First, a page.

B-17 “Preston’s Pride” Being Restored by Volunteers

 
B-17 Preston's Pride. Photo: Alan Wilson / CC-BY-SA 2.0
 
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Volunteers in Tulare, California, are working to complete the restoration of “Preston’s Pride,” a World War II Boeing B-17 bomber. The plane has been sitting at Mefford Field alongside Highway 99 for decades.

Formation of B-17’s over Schweinfurt, Germany.

The four-engine “Flying Fortress” is an iconic plane from WWII. Known for its reliability, endurance, and resilience in battle, General Carl Spaatz considered the B-17 as being key to winning the war. It was capable of sustaining significant damage and still return its crews back home. It was armed with 13 machine guns for defense and was referred to as a “flying porcupine” by German fighter pilots assigned to bring the B-17 down.

Damaged B-17 following a raid on Cologne.

To get the project off the ground, the organization B-17 Archaeology has rounded up volunteers from across the country to come to Mefford Field and try to save this plane.

Completed on May 18, 1945, “Preston’s Pride” did not get a chance to see action in WWII but it played an important part in the period after the war: It was the “mother ship” that remotely controlled twelve other B-17s in a 1946 experiment involving nuclear weapons. The B-17s tested the fallout from nuclear explosions above a fleet of ships in the Marshall Islands.

B-17G of the 301st Bombardment Group, Italy, 1944

After the plane was retired, it sat until August 1958. At that point, General Maurice A. Preston, a resident of Tulare, a former B-17 pilot and former commander of the 379th Bomb Group purchased the plane and flew it to Tulare where it was given the name “Preston’s Pride.”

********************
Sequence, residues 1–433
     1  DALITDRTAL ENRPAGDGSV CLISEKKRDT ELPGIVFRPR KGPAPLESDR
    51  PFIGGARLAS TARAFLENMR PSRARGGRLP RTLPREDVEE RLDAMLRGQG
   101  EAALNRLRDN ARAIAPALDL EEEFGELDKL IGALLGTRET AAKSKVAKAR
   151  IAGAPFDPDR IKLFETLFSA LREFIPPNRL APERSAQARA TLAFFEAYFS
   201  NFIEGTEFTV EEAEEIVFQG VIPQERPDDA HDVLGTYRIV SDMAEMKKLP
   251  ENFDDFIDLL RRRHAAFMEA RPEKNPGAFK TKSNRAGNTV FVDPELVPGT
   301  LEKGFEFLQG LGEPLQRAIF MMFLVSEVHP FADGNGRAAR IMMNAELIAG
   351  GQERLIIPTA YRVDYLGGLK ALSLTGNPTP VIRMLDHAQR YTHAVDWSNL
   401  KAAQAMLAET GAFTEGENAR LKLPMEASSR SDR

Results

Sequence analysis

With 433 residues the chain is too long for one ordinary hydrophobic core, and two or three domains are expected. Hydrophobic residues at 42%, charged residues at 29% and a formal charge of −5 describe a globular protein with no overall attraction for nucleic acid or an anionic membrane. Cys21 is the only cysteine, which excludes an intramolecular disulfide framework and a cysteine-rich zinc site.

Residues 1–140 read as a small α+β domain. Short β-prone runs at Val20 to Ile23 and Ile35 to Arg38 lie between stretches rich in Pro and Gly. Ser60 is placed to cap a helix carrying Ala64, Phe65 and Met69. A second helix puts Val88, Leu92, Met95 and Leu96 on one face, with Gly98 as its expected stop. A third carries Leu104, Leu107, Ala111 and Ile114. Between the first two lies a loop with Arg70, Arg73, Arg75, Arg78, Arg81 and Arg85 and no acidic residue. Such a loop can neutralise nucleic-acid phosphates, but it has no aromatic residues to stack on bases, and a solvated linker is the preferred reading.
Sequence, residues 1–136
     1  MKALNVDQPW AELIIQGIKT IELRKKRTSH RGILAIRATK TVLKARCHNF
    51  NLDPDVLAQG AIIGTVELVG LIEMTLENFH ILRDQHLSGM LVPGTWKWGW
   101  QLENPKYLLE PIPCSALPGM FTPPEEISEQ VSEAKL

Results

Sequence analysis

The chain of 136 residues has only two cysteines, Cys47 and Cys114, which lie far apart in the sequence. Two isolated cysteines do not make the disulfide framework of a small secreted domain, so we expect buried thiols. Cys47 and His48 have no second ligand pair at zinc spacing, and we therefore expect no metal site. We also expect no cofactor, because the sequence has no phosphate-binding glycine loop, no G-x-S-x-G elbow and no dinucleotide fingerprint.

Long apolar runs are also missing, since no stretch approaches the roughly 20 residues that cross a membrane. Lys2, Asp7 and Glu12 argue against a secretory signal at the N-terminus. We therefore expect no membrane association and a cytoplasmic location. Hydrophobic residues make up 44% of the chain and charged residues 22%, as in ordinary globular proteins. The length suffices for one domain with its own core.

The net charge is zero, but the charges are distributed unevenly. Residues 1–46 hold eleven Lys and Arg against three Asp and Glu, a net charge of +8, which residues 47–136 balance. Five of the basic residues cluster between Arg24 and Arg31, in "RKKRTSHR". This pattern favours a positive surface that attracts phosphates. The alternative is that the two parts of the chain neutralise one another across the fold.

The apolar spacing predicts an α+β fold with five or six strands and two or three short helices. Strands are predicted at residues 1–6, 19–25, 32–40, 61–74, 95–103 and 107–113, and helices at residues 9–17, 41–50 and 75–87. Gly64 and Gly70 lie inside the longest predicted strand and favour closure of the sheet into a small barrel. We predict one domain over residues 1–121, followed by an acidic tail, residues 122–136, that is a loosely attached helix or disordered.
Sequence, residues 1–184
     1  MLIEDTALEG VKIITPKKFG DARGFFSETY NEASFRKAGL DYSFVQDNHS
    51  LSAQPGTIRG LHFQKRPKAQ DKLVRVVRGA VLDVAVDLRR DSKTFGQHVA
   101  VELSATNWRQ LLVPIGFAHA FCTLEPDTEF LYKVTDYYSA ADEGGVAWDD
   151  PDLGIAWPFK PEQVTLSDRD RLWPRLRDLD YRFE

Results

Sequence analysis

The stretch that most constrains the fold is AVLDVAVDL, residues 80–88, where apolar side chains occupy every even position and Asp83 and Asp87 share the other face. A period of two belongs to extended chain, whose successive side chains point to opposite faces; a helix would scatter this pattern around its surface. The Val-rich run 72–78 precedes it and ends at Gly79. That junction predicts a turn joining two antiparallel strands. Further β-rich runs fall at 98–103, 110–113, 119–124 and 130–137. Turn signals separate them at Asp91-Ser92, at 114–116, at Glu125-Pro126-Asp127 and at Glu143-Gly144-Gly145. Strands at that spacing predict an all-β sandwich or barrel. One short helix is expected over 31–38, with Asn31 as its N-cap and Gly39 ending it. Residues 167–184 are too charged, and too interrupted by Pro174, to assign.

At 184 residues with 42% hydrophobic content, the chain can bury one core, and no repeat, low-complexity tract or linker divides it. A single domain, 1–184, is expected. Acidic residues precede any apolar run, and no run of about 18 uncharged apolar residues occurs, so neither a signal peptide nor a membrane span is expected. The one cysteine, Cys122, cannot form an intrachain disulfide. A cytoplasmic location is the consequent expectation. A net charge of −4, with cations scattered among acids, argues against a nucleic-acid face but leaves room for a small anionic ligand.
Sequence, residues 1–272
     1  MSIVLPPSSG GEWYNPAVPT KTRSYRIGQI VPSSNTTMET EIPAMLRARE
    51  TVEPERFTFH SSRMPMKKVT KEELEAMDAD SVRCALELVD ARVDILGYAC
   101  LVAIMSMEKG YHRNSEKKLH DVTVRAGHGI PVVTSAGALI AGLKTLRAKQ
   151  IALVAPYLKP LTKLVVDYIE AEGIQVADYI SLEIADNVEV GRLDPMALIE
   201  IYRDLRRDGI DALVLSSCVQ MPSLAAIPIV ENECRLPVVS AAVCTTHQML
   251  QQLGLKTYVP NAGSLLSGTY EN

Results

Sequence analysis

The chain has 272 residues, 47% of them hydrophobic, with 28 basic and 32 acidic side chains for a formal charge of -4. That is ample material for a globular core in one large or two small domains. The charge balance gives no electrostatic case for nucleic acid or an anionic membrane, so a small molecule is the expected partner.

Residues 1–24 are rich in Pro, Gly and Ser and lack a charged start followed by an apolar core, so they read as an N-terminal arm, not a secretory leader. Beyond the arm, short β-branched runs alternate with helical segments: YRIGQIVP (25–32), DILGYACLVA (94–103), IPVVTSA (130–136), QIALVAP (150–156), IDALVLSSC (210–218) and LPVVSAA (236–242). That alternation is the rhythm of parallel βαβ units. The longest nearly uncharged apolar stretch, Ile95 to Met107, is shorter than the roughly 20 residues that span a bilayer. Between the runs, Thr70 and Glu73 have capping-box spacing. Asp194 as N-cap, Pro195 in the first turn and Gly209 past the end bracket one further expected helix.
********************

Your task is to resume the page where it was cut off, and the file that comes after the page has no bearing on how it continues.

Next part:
The plane became a landmark as it sat at Mefford Field beside Highway 99. It was dedicated as a memorial to the residents of Tulare County that had served in WWII. Over the course of time, the weather, vandals, and three separate car accidents have damaged “Preston’s Pride.” The iconic plane was in need of a makeover.

Boeing B-17G Flying Fortress ‘0-85738 / K’ “Preston’s Pride”. Photo: Alan Wilson / CC-BY-SA 2.0

Greg Stathatos, a volunteer with B-17 Archaeology, explained how the elements have oxidized the aluminum panels and rivets which has led to rusted components, windows that leak and faded paint. He characterized the plane’s condition as “very poor.”

The goal of the group is not to get the plane back to flying condition. Instead, they are working to restore its appearance. There is quite a bit of work needed. They will polish the metal and restore the original paint scheme it had when it flew in the nuclear tests. They will also make some structural repairs.

So far, the work has cost $90,000. They expect that price to rise to $120,000 before they are done. All of the money spent on the plane was raised through donations and the sale of merchandise like commemorative shirts and hats. Many businesses and history buffs have donated items, time, and effort to complete the restoration.

Stathatos said that it will still be called “Preston’s Pride” but now it will look like new and be a fitting tribute to the atomic testing it was part of.

General Preston worked to obtain the B-17 on permanent loan from the National Museum of the United States Air Force. He then flew the plane to Tulare for her last flight and final posting.

General Maurice Arthur “Mo” Preston.

Preston served in the USAF until 1968. He logged 45 missions in B-17’s over Europe during WWII including leading one of the now famous Schweinfurt Raids in April, 1943.

During his extensive career, he served as the commander of the Tactical Air Command’s 19th Air Force (from 1960 to 1963), Commander US Forces Japan (from 1963 to 1966) and Commander USAF Europe (from 1966 to 1968). Preston was born in Weed, California and graduated from Tulare High School. He later attended and graduated from West Point. He died in 1983 at the age of 70.

“Preston’s Pride” sits at Mefford Field which was used as a US Army Air Corps training base during WWII. Basic pilot training took place there for a few months until training was moved to Rankin Field following construction.